The Singapore Spirit. This year’s NDP theme was all about the culture we share that makes us all one united people, regardless of race, language or religion. It tugged at the heartstrings of Singaporeans living locally and abroad. The message it was trying to bring across was short and sweet, which is, home is where the heart is. As a young adult living in Singapore, I feel proud to be part of this young rising nation. An affection for their motherland that many would chose to hide.
For me, this year marked the first time of not celebrating National Day at all. In fact I was halfway across the globe, 15,000km away from home. Being on vacation in USA, it never crossed my mind that I would miss the feeling of National Day.
On 9 August, my emotions ran high as I recalled the times in school we were made to learn patriotic national day songs, including those in horrendously cheesy national day songs and not to mention the occasional crowd pleasers and taking part in mock parades held in schools. Most importantly, I will never forget the overwhelming pride I felt in my little body when I performed for NDP in Primary 5.
That was the merely the tip of the iceberg. The safety, cleanliness and convenience of our city-state are aspects all overseas Singaporeans will miss. The fact that you can walk on the streets at 3am and have nothing to fear is a comfort in itself (well, only the recent phenomenon of random parang-wielding gangsters, compared to thugs carrying guns on the streets, is considered mild). The efficiency of our transport system is something that we often take for granted as well. This is the effort of the government to instil traits of law-abidingness and determination, hence portraying the ethos aspect.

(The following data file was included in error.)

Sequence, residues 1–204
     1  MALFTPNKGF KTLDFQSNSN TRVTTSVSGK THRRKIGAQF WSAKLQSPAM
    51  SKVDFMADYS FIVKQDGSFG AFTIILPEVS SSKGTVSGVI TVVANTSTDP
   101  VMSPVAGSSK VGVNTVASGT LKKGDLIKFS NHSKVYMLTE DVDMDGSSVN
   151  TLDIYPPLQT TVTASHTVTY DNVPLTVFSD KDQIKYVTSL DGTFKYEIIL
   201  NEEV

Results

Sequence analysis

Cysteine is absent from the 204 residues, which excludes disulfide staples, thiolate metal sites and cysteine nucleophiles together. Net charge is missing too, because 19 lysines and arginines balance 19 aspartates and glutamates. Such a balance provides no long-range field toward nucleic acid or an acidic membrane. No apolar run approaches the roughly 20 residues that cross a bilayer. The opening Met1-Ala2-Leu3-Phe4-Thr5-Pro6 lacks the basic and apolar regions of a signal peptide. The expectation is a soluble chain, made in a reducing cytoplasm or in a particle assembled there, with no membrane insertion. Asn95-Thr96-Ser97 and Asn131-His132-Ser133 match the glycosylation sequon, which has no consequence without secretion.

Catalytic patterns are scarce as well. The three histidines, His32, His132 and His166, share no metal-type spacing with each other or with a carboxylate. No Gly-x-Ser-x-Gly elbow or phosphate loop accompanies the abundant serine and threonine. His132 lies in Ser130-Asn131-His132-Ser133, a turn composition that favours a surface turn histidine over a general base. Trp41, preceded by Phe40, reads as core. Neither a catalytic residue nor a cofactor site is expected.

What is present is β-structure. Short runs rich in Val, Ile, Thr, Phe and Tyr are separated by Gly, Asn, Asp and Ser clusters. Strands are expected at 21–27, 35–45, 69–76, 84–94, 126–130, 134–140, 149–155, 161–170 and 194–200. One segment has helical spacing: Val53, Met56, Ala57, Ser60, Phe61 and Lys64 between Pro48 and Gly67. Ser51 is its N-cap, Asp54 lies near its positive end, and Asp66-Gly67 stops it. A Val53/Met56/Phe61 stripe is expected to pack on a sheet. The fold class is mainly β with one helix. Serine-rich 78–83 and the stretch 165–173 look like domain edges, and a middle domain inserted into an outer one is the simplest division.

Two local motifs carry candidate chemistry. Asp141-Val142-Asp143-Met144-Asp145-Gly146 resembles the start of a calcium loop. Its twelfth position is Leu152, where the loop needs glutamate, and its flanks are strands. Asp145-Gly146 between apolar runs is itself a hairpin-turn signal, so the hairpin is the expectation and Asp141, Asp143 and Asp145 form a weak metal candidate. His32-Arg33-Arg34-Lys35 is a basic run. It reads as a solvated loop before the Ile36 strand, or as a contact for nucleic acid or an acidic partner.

All these are the comforts of home and the spirit that defines us is close to the heart. Which leads me to believe that the organizers are invoking the concepts of Pathos and Logos as well.
So, what is this culture that we share? The unofficial language, Singlish, that we are proud of. Locals embraced local sitcoms like Phua Chu Kang, which had a strong local flavor injected. Show it to an American and I assure you, he will be bewildered. Another simple situation is in out coffee-shops. Comparing a Caucasian and a local ordering food, it would be clear that we would get our message across in with minimal speaking while we’re already tucking into our lunch, the Caucasian would probably still be struggling. I think we all secretly gloat in the fact that no one else can understand Singlish like we can.
Food is another defining culture of Singapore. We have a unique food culture that blends the flavours of the four distinct races in Singapore that one cannot find anywhere else. Our love for chilli is something unique to us as well. It’s something that you will not find easily in America or European countries. Devouring our beloved Chicken Rice without chilli or even MacDonald’s fries without garlic chilli is simply unforgivable. Our love for the durian, an exotic fruit only for the acquired, is unconditional.
This year’s national day campaign was such a success because they managed to make use of the concepts ethos, logos and pathos. Even through the uproar where a popular Lady Gaga song was modified, Singaporeans rallied to drop the song as it was a shame that we had to modify someone else’s song instead of coming up with an original piece. It demonstrated the immense pride, the ethos aspect, Singaporeans have for their country that we all have and that we are indeed one united Singapore.